Entries in the ‘foundational concepts’ Category:

Multiple Shades of Gray

Black and white photography is not as popular in today’s digital imaging world as it was in the days of film. Yet it remains a reasonable alternative in rendering scenes with inherently low contrast, as in e.g. mid-day/ mid-Summer lighting where an abundance of light may overwhelm camera sensors, “washing out” the scene.
To achieve [...]

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Still, it is Spring

Hard to believe, with our weather, but underneath all the grey, wet, and cold overcast there are fields of color to be discovered. Not far from home

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Creative decisions: full color or not?

Digital Photography offers many ways to express our artistic inner vision. Decisions we make, from field capture to post-processing, help communicate the message we intend for an image. One key decision is whether to render the scene in full color, partial color, or no color at all.
The default shooting mode of modern digital [...]

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Context

Every picture tells a story, and every story must be told in its rightful context.
The other day I heard again the oft-repeated quotation by sir Winston Churchill  “…democracy is the worst form of government…”   and for a moment I wondered, did he really say that? How could a leader of the democratic alliance that [...]

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Interpretation

Art Photography, like all forms of art, is a means of communication; a kind of “language.” As such, it is subject to interpretation, based on individual life experiences (the ‘filters’ through which we perceive the world).
Cultural wisdom, e,g.  the old Indian tale of “the blind men and the elephant” reminds us that each of us [...]

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Self Critique & digital image-making (6/6)

[[Copyrighted Material ©JChristopherGalleries.com]]
Sixth and final part in this series. (On the theory behind my practice of digital image-making) (Earlier posts: 1, 2, 3, 4, 5)
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Detail is an important part of every work of the visual arts. In digital photography, detail relates to “micro-contrast” (or “sharpness”). Enhancing micro-contrast/sharpness will create the illusion of more detail, [...]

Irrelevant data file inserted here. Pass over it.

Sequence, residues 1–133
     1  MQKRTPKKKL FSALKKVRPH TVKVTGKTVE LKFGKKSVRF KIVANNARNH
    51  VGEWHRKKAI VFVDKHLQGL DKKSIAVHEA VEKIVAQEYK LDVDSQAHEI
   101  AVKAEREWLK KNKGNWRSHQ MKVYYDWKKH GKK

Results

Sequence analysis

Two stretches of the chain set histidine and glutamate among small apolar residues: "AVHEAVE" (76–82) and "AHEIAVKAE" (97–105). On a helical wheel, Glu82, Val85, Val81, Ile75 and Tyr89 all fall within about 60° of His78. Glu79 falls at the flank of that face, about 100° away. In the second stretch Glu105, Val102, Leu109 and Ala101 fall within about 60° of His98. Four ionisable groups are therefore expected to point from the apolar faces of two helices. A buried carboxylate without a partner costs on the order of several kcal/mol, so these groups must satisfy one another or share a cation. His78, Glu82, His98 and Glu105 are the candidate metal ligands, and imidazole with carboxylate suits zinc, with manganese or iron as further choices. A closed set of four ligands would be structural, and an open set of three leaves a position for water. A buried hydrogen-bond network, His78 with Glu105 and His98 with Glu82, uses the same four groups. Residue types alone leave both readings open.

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Elements… (5 of 6)

[[Copyrighted Material ©JChristopherGalleries.com]]
Fifth in a series of short articles on how I approach digital photography. (Links to previous parts: 1, 2, 3, and 4)
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Do you sometimes “feel blue”? Or do you see the world through “rose-colored glasses”, and want to “paint the town red?” Or… perhaps you feel “green with envy” when [...]

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Self Critique (3 of 6)

[[Copyrighted Material ©JChristopherGalleries.com]]
Third in a series of six parts on how I personally approach the art of digital image making. Sharing in appreciation of the many social media friends who are interested in my work.
(Access: part one and two)

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Composition is the next most important element of an image, and it is best optimized [...]

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Elements of self critique (2 of 6)

[[Copyrighted Material ©JChristopherGalleries.com]]
In the first part I mentioned the five elements that have the most impact on mood & emotion in art photography: Light, Composition, Contrast, Color and Detail. I use their initials L-C-C-C-D as a mnemonic device; a working checklist.

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Nothing influences the overall mood of a scene more than Light. So [...]

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Elements of self-critique in digital image making (part 1 of 6)

[[Copyrighted Material ©JChristopherGalleries.com]]
The journey toward higher artistic accomplishment and ever improving levels of craftsmanship, requires that we migrate from a reliance on external feedback, toward a disciplined habit of self-critique. This is part 1, of a 6-part summary of how I personally approach this.

To begin with some key definitions, my main area of interest [...]

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